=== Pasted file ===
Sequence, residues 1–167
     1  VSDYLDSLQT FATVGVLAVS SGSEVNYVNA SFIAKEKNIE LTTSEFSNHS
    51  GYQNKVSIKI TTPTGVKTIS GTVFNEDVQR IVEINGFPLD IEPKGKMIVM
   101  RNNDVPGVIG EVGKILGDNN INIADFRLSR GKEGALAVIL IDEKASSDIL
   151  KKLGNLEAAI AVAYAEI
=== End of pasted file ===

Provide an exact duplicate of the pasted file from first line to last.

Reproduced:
Sequence, residues 1–167
     1  VSDYLDSLQT FATVGVLAVS SGSEVNYVNA SFIAKEKNIE LTTSEFSNHS
    51  GYQNKVSIKI TTPTGVKTIS GTVFNEDVQR IVEINGFPLD IEPKGKMIVM
   101  RNNDVPGVIG EVGKILGDNN INIADFRLSR GKEGALAVIL IDEKASSDIL
   151  KKLGNLEAAI AVAYAEI